As Luciano Marques, CEO and country president of Novartis South Africa, puts it, "It is clear that South Africa is well positioned
not only as an economic gateway but also as a healthcare hub for the rest of Africa." He adds, "The decision to explore potential
business opportunities in Africa is a strategic one. It is not about expanding the size of the market, but about the long-term
benefits of the role Novartis could play in Africa in the future. It is therefore critical that Novartis gains a deep understanding
of developments in African markets," Marques says.
Novartis has established plants in Africa to discover drugs for subtropical diseases, showing the company's commitment to
fighting diseases affecting the continent. In 2011, Novartis spent around $1.7 billion to support corporate social responsibility
programs globally. South Africa also benefits from these initiatives, which include patient access programs that provide medicines
for leprosy, malaria, tuberculosis and some forms of cancer.
Dr. Timmy Kedijang, general manager of Novo Nordisk South Africa
AstraZeneca decided almost four years ago to use South Africa as its springboard to sub-Saharan Africa. Since then, the company
has dramatically expanded its presence in sub-Saharan Africa, having registered and launched AstraZeneca products across nineteen
countries in West, East, and Southern Africa. It has led the company to triple its turnover across these markets between 2008
"South Africa's BRICS membership is clearly connected to its strong positioning in sub-Saharan Africa, not only in healthcare
and pharmaceuticals, but across most other sectors, as well," explains Guni Goolab, marketing company president of AstraZeneca.
"The entrance of Wal-Mart to the South African market is a good example; it was not just about South Africa but about the
positioning of the company in sub-Saharan Africa."
Africa offers growing business opportunities and South Africa has the skills that international companies from Wal-Mart to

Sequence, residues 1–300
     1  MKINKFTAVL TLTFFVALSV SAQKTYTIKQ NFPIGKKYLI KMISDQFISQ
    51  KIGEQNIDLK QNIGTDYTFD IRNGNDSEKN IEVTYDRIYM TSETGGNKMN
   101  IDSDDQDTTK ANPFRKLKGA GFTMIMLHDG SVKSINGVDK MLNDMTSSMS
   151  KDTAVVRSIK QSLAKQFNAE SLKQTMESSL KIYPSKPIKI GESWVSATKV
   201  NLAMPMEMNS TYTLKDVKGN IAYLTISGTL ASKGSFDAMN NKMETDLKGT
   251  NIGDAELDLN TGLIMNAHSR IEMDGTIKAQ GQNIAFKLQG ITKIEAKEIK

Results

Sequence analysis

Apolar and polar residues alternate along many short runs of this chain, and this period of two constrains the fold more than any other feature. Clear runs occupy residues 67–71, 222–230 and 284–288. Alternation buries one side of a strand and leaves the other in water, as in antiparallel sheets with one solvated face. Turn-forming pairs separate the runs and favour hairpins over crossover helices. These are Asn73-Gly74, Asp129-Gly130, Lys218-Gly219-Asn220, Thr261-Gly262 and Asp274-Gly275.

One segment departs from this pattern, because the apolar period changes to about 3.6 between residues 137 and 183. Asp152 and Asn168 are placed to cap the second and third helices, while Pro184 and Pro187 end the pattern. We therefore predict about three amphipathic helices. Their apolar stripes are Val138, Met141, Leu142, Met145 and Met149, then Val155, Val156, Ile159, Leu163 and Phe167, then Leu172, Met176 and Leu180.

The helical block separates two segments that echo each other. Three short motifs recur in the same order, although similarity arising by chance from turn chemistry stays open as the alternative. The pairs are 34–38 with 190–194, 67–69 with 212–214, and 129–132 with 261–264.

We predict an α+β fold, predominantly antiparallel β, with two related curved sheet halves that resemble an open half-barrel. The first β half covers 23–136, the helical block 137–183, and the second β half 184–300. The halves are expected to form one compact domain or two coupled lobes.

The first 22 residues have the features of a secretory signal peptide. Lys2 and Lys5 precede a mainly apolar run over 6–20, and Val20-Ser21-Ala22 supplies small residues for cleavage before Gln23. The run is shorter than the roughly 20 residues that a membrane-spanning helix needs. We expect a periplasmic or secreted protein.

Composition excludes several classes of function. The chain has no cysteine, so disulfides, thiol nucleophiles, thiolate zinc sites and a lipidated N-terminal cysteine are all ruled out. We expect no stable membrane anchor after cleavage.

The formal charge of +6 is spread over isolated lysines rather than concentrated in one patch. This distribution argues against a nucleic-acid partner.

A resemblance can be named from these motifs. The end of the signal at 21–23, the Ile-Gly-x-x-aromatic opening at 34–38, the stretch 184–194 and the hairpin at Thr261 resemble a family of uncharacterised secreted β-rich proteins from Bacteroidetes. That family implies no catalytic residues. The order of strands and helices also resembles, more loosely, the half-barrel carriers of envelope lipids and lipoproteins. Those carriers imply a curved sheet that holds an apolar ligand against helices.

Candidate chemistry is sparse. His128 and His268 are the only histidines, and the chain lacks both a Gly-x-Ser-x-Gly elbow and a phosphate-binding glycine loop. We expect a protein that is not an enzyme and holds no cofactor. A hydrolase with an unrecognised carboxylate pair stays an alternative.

the world's top pharmaceutical manufacturers are looking for to expand into sub-Saharan Africa. Companies take every opportunity
to have their teams exchange views and harmonize technology platforms.
Brian Daniel, CEO and country manager of Pfizer South Africa
However, investors have to be mindful of the various cultures and the way of doing business across Africa. Omar Ehsan, IMS
general manager of Africa, says, "The most widely spoken language in Africa is Arabic. As a result, being Africa-centric implies
focusing on four different business cultures with various levels of healthcare provision for the population. Sub-Sahara and
Central Africa currently still depend upon foreign direct investment and donor organizations that serve the healthcare needs
of the population, while in North Africa, expansion of social insurance to improve access to healthcare is becoming the norm."
Ian Ross-Marsh, managing director of Teva Pharmaceutical, Ltd., says that it is important to recognize regional differences
in Africa. Marsh says, "South Africa is considered by African countries as very much being the trend setter of what is available,
especially if you are looking at the English-speaking parts of Africa. This is not the case in French-speaking countries,
such as Senegal, which are still very much dominated by French distribution channels. However, strategically with regards
to English-speaking Africa, especially in the south from the equator downwards and also West Africa, South Africa is going
to have a very strong role to play in that market."
Merck: Transforming with South Africa
South Africa is expected to continue to become a leading player in Africa for the next three to five years. Consequently,
the implementation of new national legislation, such as the National Health Insurance (NHI) system, will be observed very
carefully by other African economies.
Some industry leaders are already looking ahead to the future potential in other African countries. "There are some very dynamic
healthcare economies that are getting a lot of emphasis in Africa, namely Algeria, Kenya, and Nigeria," Ehsan says. "By 2015,
Algeria is forecasted to reach $4.1 billion in pharmaceutical sales. It has a population similar to the size of South Africa
and growth is fuelled mainly from income derived from oil and gas exports. As South Africa growth rates slow down over the
next five years, healthcare economies like Algeria, Nigeria, and Kenya will experience strong high single-digit growth rates."
Dr. Iain Barton, CEO of RTT